An average season produces 12 named storms, 6.5 hurricanes, and 2 major hurricanes.
“This is our lowest-ever forecast issued in April,” Klotzbach said.
Klotzbach, who is a research scientist at Colorado State University, has worked since 2000 with Bill Gray, who began making and publicizing seasonal hurricane forecasts in the 1980s.
Klotzbach said several factors have lined up that are hostile to Atlantic hurricane activity. An El Niño event, which generates upper level winds that disrupt storm formation, has developed and is forecast to strengthen by the fall – possibly to moderate-to-strong levels.
He also said sea surface temperatures, which help fuel developing storms when they’re warm, are substantially cooler than normal in the tropical Atlantic.
“[The environment] is pretty much the opposite you’d want to see if you were looking for an active season,” Klotzbach said.
Concerns about complacency
Klotzbach and other hurricane forecasters stress a forecast for an inactive season does not reduce the need for preparedness. In the “inactive” 1992, which produced just 7 named storms, Hurricane Andrew devastated South Florida. There were only 4 named storms in 1983, but Hurricane Alicia struck Galveston and Houston, becoming the costliest storm since Agnes.
“This forecast doesn’t mean we won’t have any impacts,” Klotzbach warned.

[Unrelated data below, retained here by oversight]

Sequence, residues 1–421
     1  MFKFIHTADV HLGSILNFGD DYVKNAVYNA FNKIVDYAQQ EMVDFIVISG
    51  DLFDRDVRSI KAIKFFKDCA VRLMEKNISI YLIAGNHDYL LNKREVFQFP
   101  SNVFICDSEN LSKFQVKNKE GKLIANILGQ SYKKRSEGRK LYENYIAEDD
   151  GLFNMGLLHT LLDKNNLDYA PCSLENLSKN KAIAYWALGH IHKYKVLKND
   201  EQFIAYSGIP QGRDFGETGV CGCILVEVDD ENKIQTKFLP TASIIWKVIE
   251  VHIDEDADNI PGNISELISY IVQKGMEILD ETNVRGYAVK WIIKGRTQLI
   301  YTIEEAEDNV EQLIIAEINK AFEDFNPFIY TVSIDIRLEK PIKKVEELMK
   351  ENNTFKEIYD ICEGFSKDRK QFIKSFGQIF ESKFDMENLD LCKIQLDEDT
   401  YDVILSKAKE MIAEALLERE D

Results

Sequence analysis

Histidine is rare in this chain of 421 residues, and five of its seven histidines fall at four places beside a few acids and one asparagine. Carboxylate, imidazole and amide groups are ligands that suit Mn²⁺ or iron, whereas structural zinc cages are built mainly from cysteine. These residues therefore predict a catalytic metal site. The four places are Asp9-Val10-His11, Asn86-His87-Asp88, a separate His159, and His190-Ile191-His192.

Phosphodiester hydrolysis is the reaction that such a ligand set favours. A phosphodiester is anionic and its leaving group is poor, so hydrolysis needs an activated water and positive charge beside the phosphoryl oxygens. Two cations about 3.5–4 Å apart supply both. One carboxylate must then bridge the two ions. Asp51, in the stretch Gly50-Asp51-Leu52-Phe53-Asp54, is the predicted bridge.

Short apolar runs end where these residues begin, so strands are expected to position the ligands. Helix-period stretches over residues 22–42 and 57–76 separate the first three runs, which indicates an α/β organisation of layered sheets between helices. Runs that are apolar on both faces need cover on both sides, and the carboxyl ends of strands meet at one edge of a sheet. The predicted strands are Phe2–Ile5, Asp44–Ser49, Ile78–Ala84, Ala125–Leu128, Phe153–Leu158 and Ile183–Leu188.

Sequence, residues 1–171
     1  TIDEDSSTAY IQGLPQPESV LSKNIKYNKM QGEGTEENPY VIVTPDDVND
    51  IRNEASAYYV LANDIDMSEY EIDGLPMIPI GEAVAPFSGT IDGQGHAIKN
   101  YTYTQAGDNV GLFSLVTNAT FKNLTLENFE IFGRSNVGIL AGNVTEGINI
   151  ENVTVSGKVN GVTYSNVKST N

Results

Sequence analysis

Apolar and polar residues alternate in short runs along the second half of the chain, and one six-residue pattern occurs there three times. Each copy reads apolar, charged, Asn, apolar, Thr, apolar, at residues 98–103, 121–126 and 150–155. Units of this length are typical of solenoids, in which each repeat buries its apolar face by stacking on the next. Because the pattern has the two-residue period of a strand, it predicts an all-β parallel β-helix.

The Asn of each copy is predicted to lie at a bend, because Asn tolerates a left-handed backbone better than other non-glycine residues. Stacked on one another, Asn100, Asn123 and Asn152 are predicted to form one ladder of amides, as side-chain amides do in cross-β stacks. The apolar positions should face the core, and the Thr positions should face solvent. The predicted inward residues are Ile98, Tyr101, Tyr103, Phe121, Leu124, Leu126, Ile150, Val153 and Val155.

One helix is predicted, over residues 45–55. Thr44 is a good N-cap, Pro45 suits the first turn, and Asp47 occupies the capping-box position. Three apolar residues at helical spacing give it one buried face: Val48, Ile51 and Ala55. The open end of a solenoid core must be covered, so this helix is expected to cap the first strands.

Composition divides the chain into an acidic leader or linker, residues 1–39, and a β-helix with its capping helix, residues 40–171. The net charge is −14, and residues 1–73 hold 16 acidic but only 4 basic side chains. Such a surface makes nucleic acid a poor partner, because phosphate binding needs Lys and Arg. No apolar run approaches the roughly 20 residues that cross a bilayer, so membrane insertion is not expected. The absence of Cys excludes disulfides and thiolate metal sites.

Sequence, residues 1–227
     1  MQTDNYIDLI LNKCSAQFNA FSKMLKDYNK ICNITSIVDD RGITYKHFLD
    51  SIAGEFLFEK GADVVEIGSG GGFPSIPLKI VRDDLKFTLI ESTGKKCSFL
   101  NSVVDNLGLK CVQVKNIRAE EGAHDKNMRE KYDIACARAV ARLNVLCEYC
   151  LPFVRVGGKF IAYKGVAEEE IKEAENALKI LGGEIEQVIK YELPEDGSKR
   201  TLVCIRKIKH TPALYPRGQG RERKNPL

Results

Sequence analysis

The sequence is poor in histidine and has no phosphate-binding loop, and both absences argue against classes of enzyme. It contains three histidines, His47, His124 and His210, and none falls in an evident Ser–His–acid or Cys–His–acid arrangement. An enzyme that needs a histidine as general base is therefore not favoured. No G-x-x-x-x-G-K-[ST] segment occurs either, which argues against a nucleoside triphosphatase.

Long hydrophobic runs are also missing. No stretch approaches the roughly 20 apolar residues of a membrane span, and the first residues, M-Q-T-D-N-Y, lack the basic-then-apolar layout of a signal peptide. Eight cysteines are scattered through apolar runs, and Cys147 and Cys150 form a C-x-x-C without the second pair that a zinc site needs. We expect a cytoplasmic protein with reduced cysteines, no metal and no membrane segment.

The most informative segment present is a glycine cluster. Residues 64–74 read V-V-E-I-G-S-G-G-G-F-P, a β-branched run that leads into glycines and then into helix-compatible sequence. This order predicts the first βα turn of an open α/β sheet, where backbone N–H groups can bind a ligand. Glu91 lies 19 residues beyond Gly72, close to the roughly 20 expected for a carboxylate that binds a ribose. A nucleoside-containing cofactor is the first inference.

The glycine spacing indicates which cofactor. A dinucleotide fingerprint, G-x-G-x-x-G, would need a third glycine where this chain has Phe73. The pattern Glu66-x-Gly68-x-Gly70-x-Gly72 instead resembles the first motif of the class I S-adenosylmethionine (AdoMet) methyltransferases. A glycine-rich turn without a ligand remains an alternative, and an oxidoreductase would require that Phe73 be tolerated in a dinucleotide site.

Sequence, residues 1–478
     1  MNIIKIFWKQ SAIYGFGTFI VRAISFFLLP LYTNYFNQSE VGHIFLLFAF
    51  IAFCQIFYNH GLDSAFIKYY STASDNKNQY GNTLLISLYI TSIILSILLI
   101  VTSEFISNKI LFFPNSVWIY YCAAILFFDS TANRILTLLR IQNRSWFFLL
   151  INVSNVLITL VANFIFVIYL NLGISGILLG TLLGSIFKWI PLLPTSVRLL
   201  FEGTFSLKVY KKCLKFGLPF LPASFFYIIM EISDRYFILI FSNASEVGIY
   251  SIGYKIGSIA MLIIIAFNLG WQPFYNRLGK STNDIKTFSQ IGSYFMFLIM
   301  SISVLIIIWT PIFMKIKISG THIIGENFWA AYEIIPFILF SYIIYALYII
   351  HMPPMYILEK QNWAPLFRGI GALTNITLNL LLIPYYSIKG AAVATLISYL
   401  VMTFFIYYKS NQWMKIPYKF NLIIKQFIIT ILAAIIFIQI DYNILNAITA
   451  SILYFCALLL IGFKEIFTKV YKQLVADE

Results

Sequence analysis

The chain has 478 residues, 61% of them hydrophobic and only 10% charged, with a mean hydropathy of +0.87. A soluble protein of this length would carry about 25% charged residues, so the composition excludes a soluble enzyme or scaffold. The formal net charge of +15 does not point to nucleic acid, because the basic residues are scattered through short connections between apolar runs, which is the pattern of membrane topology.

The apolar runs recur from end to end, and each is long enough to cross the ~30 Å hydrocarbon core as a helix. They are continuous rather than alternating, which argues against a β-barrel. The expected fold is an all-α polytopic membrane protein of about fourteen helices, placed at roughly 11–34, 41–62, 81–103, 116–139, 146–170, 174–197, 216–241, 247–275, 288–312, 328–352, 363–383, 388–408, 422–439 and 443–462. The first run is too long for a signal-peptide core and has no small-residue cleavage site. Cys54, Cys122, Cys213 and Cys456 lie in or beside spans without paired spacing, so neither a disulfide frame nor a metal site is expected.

“It doesn’t matter what the numbers are in terms of what the public needs to do to prepare,” added Rick Knabb, director of the National Hurricane Center.
There is concern the forecast for a quiet season combined with a lack of hurricane landfalls in the U.S. in recent years is lulling coastal residents into a false sense of security.
A major hurricane has not struck the U.S. coast since Wilma in 2005, almost 10 years – the longest period on record (the previous record spanned the Civil War from 1861-1868). This is despite some active hurricane seasons in this span.
“We’ve been pretty lucky,” Klotzbach said, noting low pressure off the East Coast has shielded it from landfalls.
Klotzbach noted there have been 40 percent fewer major hurricane landfalls in the last 50 years compared to the previous 50 years.
Klotzbach and Gray’s seasonal hurricane forecasts, while far from perfect, have provided a reasonably good sense of how activity will compare to normal over time. In the last 16 years, dating back to the 1999 hurricane season, the duo has correctly indicated whether activity will be above or below normal 13 times.
“In general, our forecasts are successful at forecasting whether the season will be more or less active than the average season by as early as April,” Klotzbach and Gray wrote in a self-assessment. “We tend to have improving skill as we get closer in time to the start of the hurricane season.”
The outlook issued ahead of last year’s hurricane season – which called for slightly below average activity – was considered quite successful. It called for 9 named storms and 3 hurricanes and there were 8 named storms and 6 hurricanes.
Klotzbach’s prediction echoes those made by others issued, thus far.
The private forecasting group WeatherBell is predicting 7-9 named storms, 3-5 hurricanes, and 1-2 major hurricanes.
Chris Hebert, a forecaster with ImpactWeather – a weather consulting firm, is calling for 8 named storms, 4 hurricanes and 2 major hurricanes. In addition to the cool ocean temperatures in the Atlantic, Hebert said there’s a great deal of hostile dry air in parts of the storm development region, “even more so than last year,” he said.
NOAA typically issues its seasonal forecast outlook in May.